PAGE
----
Before I had kids, I did a lot of thinking about learning from television and technology. I still do, but with a completely different viewpoint. I used to think, “When I become a mom, I’m going to limit screen time for my children to one hour a day.” Ha! Not only is this thought completely unrealistic in this day and age, but with a child on the spectrum it is near impossible. To be fair, screens have become more ubiquitous in our lives since I first had my kids. Some have also argued that not all screens are the same.
When I wrote my doctoral dissertation about co-viewing, I knew I was going to take that aspect of television-watching seriously. And I did. I even created my first blog about co-viewing. It wasn’t until we started to deal with Quentin’s struggle with autism head-on that I realized he just isn’t a typical co-viewer. That realization led me to create this blog.
Most children on the autism spectrum have difficulty interacting with others. Many don’t attempt to interact with anyone at all. Quentin is not like this, and I see a lot of hope in his ability to socialize. However, his preferred method of interacting is through TV and touchscreen devices. He begs us to label logos on the screen, things he is seeing. Even if he knows what it is, he wants to hear it. Over and over again, perseverating on logos and images. (I wrote about this when we took our summer vacation, and included a cute video of Quentin asking Fiona to name things for him on the ipad.) These days, he’s especially into logos. The only other way he really wants to interact with other is when he is reading a book or a magazine, or asking us to name logos out in the world. No matter what, his interactions are all based on naming visual images, and I cannot help but think I played a part in creating this monster.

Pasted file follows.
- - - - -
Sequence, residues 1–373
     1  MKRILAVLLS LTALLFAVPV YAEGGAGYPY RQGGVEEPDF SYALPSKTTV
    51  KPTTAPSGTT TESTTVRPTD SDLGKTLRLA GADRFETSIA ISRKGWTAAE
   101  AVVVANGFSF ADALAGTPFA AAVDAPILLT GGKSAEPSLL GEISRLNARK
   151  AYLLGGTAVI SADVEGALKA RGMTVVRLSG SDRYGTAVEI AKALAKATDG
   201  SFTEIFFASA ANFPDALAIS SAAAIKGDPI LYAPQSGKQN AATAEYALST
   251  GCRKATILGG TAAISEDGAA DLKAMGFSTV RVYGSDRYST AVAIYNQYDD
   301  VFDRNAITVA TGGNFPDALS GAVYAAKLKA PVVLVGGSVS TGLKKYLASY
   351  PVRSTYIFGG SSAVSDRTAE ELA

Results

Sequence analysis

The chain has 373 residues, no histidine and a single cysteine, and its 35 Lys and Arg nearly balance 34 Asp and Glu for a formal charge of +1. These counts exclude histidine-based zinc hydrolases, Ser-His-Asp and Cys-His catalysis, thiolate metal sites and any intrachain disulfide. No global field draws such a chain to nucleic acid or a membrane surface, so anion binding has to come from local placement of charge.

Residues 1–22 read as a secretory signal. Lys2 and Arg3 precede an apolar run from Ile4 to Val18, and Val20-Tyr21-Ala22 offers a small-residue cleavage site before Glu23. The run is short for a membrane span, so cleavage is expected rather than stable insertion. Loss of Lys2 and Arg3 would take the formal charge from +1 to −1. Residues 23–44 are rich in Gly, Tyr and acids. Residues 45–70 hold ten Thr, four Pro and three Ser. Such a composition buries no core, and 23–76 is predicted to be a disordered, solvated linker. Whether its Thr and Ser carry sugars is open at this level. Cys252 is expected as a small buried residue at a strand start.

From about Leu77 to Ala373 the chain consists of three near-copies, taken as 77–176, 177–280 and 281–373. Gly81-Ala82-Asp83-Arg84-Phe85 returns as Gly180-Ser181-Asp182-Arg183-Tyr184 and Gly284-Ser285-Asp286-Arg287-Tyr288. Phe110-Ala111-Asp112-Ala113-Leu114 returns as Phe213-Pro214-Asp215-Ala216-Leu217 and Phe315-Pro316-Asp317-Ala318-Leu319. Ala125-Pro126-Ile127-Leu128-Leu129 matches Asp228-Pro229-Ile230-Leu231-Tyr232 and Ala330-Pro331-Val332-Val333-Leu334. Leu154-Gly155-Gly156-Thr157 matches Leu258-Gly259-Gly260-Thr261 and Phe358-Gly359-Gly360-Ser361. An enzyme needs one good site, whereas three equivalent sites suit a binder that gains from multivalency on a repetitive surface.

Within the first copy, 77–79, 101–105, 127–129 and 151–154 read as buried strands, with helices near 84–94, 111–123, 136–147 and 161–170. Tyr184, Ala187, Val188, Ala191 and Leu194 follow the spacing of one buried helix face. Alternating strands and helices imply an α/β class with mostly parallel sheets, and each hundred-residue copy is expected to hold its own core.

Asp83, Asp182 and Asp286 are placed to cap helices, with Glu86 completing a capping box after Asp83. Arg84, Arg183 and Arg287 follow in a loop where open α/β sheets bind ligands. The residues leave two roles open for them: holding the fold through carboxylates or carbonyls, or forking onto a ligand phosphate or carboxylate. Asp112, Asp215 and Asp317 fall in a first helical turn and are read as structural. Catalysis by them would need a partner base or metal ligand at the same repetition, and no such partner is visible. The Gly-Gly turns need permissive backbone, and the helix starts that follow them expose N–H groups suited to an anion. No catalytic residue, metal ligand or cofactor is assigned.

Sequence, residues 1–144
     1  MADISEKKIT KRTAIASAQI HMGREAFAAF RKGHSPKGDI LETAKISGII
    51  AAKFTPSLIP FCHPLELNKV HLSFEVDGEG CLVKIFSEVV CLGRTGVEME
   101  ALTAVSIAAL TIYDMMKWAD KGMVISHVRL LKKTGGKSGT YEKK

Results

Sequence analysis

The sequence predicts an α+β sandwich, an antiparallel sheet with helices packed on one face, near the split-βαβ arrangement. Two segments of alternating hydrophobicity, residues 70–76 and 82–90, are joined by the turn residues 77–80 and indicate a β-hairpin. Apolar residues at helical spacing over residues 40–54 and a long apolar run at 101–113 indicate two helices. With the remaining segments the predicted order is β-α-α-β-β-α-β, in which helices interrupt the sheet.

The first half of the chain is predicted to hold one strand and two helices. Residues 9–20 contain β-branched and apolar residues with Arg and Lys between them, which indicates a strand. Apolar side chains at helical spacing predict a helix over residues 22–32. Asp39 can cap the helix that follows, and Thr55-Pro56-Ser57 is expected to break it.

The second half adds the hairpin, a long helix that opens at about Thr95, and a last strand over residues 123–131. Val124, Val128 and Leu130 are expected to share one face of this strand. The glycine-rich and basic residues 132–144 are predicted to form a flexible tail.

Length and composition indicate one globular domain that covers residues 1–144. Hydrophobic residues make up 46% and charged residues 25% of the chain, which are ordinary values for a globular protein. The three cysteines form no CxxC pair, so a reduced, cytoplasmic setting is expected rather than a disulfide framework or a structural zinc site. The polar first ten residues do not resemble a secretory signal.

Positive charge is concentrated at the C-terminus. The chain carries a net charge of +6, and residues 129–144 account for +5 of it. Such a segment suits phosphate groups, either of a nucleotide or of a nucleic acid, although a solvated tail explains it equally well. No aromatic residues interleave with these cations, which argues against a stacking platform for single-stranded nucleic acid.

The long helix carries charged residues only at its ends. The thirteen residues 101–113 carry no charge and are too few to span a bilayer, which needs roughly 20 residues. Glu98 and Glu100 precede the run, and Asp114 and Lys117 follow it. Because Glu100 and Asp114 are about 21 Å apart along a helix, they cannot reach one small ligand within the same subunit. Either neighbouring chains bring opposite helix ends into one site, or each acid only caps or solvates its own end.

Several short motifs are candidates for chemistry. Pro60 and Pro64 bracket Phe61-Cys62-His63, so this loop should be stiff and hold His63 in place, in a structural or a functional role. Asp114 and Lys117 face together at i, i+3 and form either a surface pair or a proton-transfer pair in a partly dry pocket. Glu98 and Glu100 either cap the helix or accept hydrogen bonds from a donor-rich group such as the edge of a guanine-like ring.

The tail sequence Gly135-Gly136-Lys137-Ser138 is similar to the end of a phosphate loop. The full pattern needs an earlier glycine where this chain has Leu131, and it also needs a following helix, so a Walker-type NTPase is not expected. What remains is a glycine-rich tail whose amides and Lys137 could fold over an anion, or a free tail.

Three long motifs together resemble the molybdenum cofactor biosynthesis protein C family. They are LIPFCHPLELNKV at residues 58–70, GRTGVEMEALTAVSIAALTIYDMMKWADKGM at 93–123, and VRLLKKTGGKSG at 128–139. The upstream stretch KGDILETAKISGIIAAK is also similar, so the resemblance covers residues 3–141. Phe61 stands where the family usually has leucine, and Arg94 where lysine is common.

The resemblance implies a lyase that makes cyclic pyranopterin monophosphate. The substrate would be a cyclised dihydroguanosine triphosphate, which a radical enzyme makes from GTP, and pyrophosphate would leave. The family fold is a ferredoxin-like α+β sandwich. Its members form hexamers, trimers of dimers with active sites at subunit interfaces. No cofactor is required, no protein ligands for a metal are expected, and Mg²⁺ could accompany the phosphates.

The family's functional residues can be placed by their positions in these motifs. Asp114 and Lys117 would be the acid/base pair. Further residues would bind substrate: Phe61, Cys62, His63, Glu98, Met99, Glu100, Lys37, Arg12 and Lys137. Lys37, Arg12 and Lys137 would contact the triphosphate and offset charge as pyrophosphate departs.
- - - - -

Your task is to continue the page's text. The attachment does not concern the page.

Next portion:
You see, the hypothesis for my dissertation was that children can learn more from educational videos if an adult guides them with open-ended questions. While my children were not a part of this study, this method of co-viewing greatly influenced the way that I watch TV with them. As soon as they were old enough to watch TV, I watched with them, probing for answers. When it became clear that Quentin had a problem forming words, I would always probe him for language. I started watching different with Quentin. Here is a quick video of Quentin watching something on an iphone with me:
So you see, I am constantly re-thinking my methods now. Did I cause this – his constant need to demand verbal labels from us? He looks us in the eyes and interacts… but this is not reciprocal social interaction. There’s no back-and-forth, only constant demands. I’m beginning to wonder if my co-viewing techniques are to blame.
There’s no knowing the answer to this, of course. This is simply what I am pondering at the moment.